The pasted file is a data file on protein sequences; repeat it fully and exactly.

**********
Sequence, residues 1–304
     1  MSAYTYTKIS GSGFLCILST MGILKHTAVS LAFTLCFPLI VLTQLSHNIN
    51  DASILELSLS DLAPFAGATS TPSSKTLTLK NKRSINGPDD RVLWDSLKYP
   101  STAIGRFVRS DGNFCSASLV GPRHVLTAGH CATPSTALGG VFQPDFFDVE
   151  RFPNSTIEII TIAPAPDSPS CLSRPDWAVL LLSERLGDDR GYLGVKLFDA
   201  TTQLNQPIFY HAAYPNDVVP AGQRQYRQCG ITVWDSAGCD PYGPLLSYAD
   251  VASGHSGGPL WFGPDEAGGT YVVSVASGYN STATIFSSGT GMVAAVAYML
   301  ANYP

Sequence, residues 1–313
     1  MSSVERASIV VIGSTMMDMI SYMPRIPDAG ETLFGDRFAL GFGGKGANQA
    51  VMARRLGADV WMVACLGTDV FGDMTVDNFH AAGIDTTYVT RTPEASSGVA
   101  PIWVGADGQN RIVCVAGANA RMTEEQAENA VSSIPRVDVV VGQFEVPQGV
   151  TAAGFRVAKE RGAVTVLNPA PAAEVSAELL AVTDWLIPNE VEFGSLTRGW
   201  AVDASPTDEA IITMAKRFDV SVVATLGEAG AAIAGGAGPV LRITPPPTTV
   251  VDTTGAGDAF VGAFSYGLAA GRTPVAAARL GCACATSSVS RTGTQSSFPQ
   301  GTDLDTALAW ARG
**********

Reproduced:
Sequence, residues 1–304
     1  MSAYTYTKIS GSGFLCILST MGILKHTAVS LAFTLCFPLI VLTQLSHNIN
    51  DASILELSLS DLAPFAGATS TPSSKTLTLK NKRSINGPDD RVLWDSLKYP
   101  STAIGRFVRS DGNFCSASLV GPRHVLTAGH CATPSTALGG VFQPDFFDVE
   151  RFPNSTIEII TIAPAPDSPS CLSRPDWAVL LLSERLGDDR GYLGVKLFDA
   201  TTQLNQPIFY HAAYPNDVVP AGQRQYRQCG ITVWDSAGCD PYGPLLSYAD
   251  VASGHSGGPL WFGPDEAGGT YVVSVASGYN STATIFSSGT GMVAAVAYML
   301  ANYP

Sequence, residues 1–313
     1  MSSVERASIV VIGSTMMDMI SYMPRIPDAG ETLFGDRFAL GFGGKGANQA
    51  VMARRLGADV WMVACLGTDV FGDMTVDNFH AAGIDTTYVT RTPEASSGVA
   101  PIWVGADGQN RIVCVAGANA RMTEEQAENA VSSIPRVDVV VGQFEVPQGV
   151  TAAGFRVAKE RGAVTVLNPA PAAEVSAELL AVTDWLIPNE VEFGSLTRGW
   201  AVDASPTDEA IITMAKRFDV SVVATLGEAG AAIAGGAGPV LRITPPPTTV
   251  VDTTGAGDAF VGAFSYGLAA GRTPVAAARL GCACATSSVS RTGTQSSFPQ
   301  GTDLDTALAW ARG